Read more about this attack on TechRepublic.
The following information about ransomware is an extract from “Clarification of existing content and Additional concepts as per the 2017 Examination Guidelines Grade 12”:
Ransomware is a type of malware designed to encrypt or block access to your computer system and files until you pay a sum of money (‘ransom’).
- Ransomware is typically packaged with installation files and camouflaged as official software updates.
- After infecting your computer, the malware finds files with JPG, XLS, PNG, DOC and PPT file extensions. These files are usually important images and documents, so the chance is that the hacker will encrypt a file that you need.
- After encryption, the malware tells you that your data is being held for ransom and gives you a site to access.
How to protect your computer
- Do not download from a site that tells you software on your computer is outdated. Websites are not able to detect outdated software unless you give the website permission to read your hard drive. If you think your software needs an update, go to the official product developer’s site and download it directly from there.
- Always keep the latest antivirus definitions installed on your computer to defend against all types of malware. The main issue with ransomware is that once you get infected, there is nothing you can do to reverse the damage.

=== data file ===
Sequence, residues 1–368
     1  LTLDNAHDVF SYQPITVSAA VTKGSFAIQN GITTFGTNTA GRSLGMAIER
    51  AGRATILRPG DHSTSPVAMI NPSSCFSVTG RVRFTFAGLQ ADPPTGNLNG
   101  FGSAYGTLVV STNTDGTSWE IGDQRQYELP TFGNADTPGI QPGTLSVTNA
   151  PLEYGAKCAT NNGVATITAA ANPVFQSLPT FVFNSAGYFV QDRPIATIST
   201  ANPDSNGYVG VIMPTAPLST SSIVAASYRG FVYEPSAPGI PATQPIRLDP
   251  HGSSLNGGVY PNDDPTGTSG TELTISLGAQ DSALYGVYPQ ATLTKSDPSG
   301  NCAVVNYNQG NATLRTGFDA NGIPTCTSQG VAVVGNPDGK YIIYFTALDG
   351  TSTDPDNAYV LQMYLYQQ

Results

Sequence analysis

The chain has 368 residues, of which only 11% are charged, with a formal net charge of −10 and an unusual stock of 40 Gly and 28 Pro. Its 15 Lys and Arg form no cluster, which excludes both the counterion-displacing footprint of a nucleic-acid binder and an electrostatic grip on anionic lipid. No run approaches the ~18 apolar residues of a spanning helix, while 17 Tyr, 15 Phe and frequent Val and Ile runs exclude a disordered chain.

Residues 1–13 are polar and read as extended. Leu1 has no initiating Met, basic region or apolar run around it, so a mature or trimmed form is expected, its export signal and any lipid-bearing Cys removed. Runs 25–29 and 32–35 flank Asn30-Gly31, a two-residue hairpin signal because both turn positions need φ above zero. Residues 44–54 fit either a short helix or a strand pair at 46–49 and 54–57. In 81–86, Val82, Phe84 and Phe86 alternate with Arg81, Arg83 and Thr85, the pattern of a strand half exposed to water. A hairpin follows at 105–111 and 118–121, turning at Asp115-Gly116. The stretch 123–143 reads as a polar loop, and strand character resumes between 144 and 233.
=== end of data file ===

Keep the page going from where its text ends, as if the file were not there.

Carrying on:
- Always keep regular backups in a safe place.
- Ransomware can hinder the economic viability of small businesses.
- More money is spent or needed on security software.
- Time-consuming and costly when attempting to decrypt data.
Relevance and impact on personal lives/ Application(s) in an ICT context
- Digital currency such as Bitcoin is typically used to pay the hacker. Reports show that many people pay the ransom, because the files are just too important to give up, and there is currently no guaranteed method to decrypt files.
- Ransomware is cybercrime and is a gateway for cyber terrorism between counties.
How to fight ransomware:
- Back up your data and files
- Educate yourself and employees to recognise potential threats
- Limit access to those that need it
- Keep signature-based protections up-to-date
- Implement multi-layered security, including advanced threat prevention technologies
With thanks to:
- CAT Advisors: Estelle Llewellyn (KZN), Fotiene Avrakotos (Gauteng), Vani Pather (KZN), Shani Nunkumar (KZN), Yvette Lourens (Northern Cape)
- CAT Teachers: Anton van Kampen (Nico Malan High – Eastern Cape), Sharon Oelofsen (Ladysmith High, KZN),
- Reginald Govender (Kingsway High, KZN), Northern Cape CAT teachers.
This is part of a series of articles on Types of computer crimes.